Arthroscopic Distal Clavicle Excision

Arthroscopic Distal Clavicle Excision 2018-12-03T07:37:19+00:00

The shoulder is made up of 3 bones: the scapula (shoulder blade), humerus (upper arm bone) and collar bone. Repeated stress from sports such as weight lifting or weight training or using an air hammer frequently at work can cause small fractures at the end of the collar bone close to the shoulder joint. This type of injury is called distal clavicle osteolysis or weightlifter’s shoulder. 

Due to repeated stress and trauma on these fractures, the bone does not have a chance to heal, leading to deterioration. It may also occur due to an acute injury in the past that was not given sufficient time to heal. 

Symptoms of distal clavicle osteolysis may include pain over the top and front part of the shoulder, tenderness, swelling, pain with lifting weights and cross arm movement, and a feeling of weakness in the shoulder. Chronic inflammation may occur along with formation of scar tissue (fibrosis).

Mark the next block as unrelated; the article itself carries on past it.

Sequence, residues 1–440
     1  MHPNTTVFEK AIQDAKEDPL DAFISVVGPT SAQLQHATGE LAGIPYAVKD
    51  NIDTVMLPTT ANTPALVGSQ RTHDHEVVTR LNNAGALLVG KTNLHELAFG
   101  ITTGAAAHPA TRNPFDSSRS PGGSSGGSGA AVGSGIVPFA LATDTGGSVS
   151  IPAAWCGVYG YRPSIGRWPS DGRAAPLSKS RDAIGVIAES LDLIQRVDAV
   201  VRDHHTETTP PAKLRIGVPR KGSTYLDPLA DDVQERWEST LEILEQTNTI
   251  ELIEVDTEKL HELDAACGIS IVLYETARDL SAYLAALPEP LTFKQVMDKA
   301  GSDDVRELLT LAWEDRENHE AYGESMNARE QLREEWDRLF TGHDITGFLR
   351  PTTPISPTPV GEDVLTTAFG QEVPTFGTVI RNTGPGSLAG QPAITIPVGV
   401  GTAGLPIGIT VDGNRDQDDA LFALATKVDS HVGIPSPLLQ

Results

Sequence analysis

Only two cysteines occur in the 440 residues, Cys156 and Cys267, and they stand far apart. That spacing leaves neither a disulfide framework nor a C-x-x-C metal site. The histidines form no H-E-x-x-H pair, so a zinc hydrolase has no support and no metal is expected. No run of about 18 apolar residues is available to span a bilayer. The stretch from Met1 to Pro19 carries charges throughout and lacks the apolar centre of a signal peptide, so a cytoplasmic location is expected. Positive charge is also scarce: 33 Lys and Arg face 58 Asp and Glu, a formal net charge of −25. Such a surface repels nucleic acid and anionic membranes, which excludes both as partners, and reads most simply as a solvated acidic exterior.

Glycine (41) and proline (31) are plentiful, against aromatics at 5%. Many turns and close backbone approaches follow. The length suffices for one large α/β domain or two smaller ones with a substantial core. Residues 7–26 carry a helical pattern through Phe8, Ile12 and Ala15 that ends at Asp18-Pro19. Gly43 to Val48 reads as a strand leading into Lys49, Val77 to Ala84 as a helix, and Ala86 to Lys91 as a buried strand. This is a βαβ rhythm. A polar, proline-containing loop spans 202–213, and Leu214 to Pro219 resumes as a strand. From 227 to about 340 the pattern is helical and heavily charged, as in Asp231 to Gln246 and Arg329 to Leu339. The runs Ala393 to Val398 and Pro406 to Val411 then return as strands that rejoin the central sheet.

When you present to the clinic with these symptoms, your doctor will review your history and perform a thorough physical examination for tenderness and range of motion. X-rays, CT scans and bone scans may be ordered. Pain relief with a steroid injection into the AC joint confirms it as the site of origin of the pain.

Non-surgical treatment options include:

  • Rest, as much as 6 weeks for a distal clavicle osteolysis injury to heal.
  • Activity modification by using different hand positions while lifting weights, using lighter weights and avoiding certain exercises.
  • Anti-inflammatory medications.
  • Steroid injections into the joint.
  • Physical therapy.

Surgical treatment is suggested when conservative methods fail to provide relief. The procedure is called distal clavicle excision, where the end of the clavicle that is degenerated is removed to allow for increased space within the joint, improved range of motion and to provide substantial pain relief. Post-operative recovery usually takes up to 3 months. Following the surgery, your surgeon will recommend physical therapy rehabilitation to maximize pain relief and range of motion of the shoulder.